The composition of commons committees is tradition set to reflect the make-up of parliament with the governing party normally granted a majority of MPs on all committees – this was contentious in the current parliament since the government has no overall majority. The committees are supposed to be non-partisan, but that is like expecting junior school boys to like and play with junior school girls and vice versa. Any impartial observers will have concluded that David Davis, the minister responsible for leaving the EU, misled parliament about the extent and even existence of sectoral analyses carried out on the effect of leaving the EU on British businesses; indeed there were calls for him to be held in contempt of parliament, but the matter was deferred to the Brexit committee which spilt on party lines and concluded that Davis had not misled parliament (an excellent timeline of relevant statements by Mr Davis would call this finding into doubt).
Not all Tory MPs are rabid Brexit enthusiasts and this is also reflected on the Brexit Committee which has published its report on the future of UK-EU relationship. The report was approved on a 10-6 majority (with the Brexit supporters opposing it in its entirety) and calls for the UK to leave open the options of EEA or EFTA membership should the government’s preferred option for a “deep and special partnership” fail to be secured (as seems highly likely). The report contains a 15-key point test to evaluate the government’s eventual deal with the EU which are based on pledges made by government since the Brexit vote.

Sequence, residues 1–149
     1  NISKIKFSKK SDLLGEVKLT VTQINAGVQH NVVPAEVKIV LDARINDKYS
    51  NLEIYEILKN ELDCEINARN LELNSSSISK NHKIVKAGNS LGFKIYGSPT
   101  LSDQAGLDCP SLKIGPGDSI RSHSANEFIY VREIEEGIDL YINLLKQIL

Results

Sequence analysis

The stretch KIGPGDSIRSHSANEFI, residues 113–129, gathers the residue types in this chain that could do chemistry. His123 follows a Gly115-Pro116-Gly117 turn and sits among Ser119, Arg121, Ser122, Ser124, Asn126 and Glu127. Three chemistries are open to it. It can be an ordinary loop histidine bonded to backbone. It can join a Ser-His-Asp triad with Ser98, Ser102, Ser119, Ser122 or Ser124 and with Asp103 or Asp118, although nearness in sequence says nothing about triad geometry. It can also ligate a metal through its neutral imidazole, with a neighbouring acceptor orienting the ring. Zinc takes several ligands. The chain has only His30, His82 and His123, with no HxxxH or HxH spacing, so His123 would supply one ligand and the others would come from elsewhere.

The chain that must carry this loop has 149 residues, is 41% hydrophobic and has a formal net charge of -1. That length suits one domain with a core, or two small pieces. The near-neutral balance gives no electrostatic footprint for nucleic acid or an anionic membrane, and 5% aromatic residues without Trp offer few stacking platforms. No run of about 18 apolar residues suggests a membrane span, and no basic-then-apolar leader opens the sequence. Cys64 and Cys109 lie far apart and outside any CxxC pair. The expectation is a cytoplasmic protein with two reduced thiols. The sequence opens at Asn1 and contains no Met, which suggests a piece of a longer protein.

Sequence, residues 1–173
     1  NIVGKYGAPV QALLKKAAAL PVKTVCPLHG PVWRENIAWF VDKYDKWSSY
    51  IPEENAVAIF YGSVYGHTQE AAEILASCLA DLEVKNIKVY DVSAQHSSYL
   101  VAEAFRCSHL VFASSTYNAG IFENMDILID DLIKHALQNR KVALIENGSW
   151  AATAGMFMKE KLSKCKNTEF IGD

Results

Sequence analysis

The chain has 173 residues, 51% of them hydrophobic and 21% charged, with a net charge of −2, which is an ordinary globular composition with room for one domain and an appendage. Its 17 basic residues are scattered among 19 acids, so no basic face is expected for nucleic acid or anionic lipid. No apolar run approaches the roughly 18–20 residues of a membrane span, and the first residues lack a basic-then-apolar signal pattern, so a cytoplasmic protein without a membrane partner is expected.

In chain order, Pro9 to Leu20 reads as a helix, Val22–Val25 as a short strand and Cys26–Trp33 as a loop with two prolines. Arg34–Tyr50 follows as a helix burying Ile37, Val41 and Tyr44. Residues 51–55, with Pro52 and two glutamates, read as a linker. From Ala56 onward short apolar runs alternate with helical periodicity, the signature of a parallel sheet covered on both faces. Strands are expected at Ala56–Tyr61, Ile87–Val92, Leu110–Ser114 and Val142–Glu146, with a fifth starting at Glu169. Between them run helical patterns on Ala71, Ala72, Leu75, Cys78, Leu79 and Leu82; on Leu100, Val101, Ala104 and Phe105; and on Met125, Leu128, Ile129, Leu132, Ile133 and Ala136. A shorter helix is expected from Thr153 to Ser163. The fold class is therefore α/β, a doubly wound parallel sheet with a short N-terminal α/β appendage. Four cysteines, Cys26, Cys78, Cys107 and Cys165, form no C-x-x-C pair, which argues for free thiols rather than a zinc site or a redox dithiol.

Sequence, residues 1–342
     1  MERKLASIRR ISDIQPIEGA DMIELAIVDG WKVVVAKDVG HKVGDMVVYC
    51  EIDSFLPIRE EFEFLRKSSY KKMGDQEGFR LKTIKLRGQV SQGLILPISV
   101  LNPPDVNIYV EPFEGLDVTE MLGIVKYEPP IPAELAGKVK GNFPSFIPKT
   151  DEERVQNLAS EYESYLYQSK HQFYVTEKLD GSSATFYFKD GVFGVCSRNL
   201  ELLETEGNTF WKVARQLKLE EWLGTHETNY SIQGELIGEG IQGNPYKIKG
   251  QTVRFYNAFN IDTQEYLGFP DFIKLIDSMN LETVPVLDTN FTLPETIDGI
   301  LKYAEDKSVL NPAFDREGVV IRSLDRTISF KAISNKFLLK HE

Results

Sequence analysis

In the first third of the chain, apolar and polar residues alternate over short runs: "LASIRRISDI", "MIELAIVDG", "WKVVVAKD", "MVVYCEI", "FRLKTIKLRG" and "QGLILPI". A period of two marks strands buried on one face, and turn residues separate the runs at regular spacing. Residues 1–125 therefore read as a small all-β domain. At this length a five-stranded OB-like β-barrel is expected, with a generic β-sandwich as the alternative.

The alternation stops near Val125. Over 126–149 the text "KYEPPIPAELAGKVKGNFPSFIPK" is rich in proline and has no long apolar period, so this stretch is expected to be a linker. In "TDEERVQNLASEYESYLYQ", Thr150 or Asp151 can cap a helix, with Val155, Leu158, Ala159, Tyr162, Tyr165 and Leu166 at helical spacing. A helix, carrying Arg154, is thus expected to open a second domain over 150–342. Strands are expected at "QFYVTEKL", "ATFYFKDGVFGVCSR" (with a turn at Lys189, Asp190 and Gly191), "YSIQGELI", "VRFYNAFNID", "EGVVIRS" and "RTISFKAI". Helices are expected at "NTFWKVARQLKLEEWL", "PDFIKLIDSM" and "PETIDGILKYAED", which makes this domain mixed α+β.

The committee chairman, Hillary Benn, noted: “Our tests set a high bar but they are based on the prime minister’s vision for our future outside the EU and the statement by the secretary of state for exiting the European Union, David Davis MP, that any new deal would be at least as good as what we have now. It is vital that UK businesses are able to continue to trade freely and sell services into our largest market after we leave, without additional costs or burdens or a hard border in Northern Ireland and that we maintain close cooperation on defence, security, data and information sharing and consumer safety. Should negotiations on a ‘deep and special partnership’ not prove successful, we consider that Efta/EEA membership remains an alternative which would have the advantage of continuity of access for UK services and could also be negotiated relatively quickly.”
The 15-key tests include elements relating to the avoidance of a hard border on the island of Ireland and free-flow of data between the UK and EU after Brexit together with cooperation on crime and terrorism issues. It also stated that free trade should also continue between the EU and UK (as it does currently under single market conditions) and the maintenance of convergence with EU regulations – so hardly a surprise that Brexit MPs rejected it completely.
A spokesman for DexEU reacted with the official line: “As the prime minister said at Mansion House, the UK government is seeking the broadest and deepest possible partnership with the EU, covering more sectors and cooperating more fully than any free trade agreement anywhere in the world today. When we leave the EU we will leave the single market and customs union so that we take back control of our money, laws and borders. To do otherwise will see us forever implementing, in their entirety, new EU legislation over which we will have had no say and leave us with less control over our trade policy than we have now.”
However, the official position and reality are very poorly aligned in the opinion of most observers.